The ninth Circuit Court of Appeals ruled in a recent case that Shell Oil Company is unable to preemptively sue environmental advocacy groups for putting up legal barriers to offshore drilling in Alaska. The oil giant has reportedly spent billions of dollars on leases and other legal requirements for oil drilling in the Beaufort and Chukchi seas and hopes to begin drilling in 2015.
Back in April, Texas oil company Anadarko Petroleum Corp. reached a settlement with Tronox Inc., a company which spun off Kerr-McGee Corp. in 2005 before the latter was acquired by Anadarko in 2006. The settlement concerned billions of dollars connected to environmental cleanup and public health issues which originated from before the Anadarko acquisition.
Lake Altoona, as Georgia readers know, is a reservoir in the care of the U.S. Army Corps of Engineers about 60 miles northwest of Atlanta. The Corps of Engineers is currently involved in litigation with the state of Georgia, which has filed a lawsuit in federal court in an effort to get water control plans and manuals for Lake Altoona updated. The state is seeking updates not only for Lake Altoona, but also for other reservoirs in the Alabama-Coosa-Tallapoosa river basin. The Atlanta Regional Commission and the Cobb County-Marietta Water Authority have also filed lawsuits for the same purpose.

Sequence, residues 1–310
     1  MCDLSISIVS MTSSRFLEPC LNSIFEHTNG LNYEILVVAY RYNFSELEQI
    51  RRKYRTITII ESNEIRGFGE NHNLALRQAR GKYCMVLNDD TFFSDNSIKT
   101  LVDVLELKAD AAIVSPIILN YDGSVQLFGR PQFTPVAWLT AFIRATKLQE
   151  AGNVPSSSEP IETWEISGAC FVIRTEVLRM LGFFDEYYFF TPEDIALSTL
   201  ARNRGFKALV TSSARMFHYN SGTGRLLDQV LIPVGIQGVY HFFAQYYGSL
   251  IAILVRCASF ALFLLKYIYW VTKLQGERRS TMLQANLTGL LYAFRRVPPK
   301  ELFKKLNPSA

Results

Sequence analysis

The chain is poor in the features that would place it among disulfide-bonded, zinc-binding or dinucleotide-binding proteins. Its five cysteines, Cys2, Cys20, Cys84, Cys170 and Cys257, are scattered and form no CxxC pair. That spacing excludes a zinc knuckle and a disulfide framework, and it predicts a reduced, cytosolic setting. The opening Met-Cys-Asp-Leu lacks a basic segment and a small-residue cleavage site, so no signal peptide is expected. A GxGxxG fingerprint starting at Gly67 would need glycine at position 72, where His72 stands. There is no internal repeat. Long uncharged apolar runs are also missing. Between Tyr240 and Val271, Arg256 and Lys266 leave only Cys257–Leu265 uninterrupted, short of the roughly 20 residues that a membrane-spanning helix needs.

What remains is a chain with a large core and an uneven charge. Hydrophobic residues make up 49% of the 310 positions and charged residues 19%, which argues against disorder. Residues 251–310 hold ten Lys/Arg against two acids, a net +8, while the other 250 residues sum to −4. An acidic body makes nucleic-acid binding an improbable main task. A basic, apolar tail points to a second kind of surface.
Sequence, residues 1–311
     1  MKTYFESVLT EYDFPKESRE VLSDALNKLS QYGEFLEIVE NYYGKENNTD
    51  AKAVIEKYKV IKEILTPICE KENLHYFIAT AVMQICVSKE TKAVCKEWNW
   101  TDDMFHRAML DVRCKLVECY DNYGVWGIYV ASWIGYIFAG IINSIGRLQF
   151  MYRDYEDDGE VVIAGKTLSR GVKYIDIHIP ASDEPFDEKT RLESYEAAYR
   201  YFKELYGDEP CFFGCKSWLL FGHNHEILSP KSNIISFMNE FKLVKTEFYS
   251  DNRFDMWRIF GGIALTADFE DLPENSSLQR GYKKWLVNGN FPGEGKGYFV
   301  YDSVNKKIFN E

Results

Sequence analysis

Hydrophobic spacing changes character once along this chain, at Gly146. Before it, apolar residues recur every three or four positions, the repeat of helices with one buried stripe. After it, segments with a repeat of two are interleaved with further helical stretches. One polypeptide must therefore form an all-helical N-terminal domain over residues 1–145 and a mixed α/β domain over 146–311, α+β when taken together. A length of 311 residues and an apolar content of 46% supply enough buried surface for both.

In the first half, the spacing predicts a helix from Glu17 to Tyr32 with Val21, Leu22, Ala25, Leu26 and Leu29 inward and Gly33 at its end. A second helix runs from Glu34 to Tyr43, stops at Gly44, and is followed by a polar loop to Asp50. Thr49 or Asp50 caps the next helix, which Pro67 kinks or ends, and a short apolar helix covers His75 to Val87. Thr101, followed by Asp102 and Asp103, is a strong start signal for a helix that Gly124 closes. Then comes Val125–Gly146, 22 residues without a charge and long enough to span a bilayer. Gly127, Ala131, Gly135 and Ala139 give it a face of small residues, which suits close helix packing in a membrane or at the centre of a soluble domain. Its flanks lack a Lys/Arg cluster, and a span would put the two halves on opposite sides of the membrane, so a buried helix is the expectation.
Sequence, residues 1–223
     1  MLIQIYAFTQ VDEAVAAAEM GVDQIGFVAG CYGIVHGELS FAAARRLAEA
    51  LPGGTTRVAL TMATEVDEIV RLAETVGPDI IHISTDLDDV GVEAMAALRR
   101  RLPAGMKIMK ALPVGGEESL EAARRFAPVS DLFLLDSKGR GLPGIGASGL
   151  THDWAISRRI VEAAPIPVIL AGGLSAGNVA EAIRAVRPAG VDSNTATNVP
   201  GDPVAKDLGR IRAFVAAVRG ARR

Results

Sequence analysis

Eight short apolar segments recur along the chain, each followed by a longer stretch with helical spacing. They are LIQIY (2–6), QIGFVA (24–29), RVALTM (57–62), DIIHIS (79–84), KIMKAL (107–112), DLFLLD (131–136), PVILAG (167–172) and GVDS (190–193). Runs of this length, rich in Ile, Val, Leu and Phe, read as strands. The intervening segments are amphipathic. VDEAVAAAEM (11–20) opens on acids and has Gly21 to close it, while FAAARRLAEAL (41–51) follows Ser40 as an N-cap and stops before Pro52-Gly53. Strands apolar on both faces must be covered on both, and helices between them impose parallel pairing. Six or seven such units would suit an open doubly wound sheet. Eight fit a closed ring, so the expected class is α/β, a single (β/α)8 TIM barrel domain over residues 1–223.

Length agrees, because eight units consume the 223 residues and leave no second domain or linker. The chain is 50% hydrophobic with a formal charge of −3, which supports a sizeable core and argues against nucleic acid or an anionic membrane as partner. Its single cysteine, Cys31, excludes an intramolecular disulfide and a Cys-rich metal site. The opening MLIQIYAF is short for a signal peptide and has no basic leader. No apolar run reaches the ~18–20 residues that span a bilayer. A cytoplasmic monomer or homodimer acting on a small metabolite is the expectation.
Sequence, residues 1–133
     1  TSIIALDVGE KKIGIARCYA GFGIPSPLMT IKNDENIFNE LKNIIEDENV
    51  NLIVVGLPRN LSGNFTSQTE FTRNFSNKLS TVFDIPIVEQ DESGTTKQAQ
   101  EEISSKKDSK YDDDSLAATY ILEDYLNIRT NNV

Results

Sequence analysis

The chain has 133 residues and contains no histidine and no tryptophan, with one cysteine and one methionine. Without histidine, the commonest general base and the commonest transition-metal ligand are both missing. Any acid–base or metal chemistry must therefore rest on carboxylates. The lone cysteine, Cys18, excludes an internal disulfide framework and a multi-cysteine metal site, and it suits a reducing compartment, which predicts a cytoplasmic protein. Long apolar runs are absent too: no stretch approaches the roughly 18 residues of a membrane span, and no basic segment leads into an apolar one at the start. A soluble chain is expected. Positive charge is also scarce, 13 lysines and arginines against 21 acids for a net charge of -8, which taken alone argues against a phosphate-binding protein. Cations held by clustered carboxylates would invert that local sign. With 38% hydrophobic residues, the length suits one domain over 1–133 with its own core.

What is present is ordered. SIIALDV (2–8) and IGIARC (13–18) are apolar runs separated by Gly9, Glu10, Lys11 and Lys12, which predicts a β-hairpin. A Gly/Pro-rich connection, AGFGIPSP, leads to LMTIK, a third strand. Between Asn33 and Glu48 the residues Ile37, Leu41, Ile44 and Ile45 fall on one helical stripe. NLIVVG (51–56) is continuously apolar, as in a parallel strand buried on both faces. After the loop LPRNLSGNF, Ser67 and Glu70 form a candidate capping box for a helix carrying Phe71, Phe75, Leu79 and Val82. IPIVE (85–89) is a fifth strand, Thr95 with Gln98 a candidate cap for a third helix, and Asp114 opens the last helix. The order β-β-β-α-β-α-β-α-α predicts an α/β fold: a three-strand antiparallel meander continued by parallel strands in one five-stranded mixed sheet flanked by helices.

Toxic tort litigation is an important area of personal injury law which allows those who are exposed to toxic chemicals to recover for the resulting ill effects of those chemicals. Toxic torts can arise in a variety of circumstances, including industrial sites, military bases, and even our own homes. Toxic tort litigation frequently involves environmental factors, particularly pertaining to the purity of drinking water sources.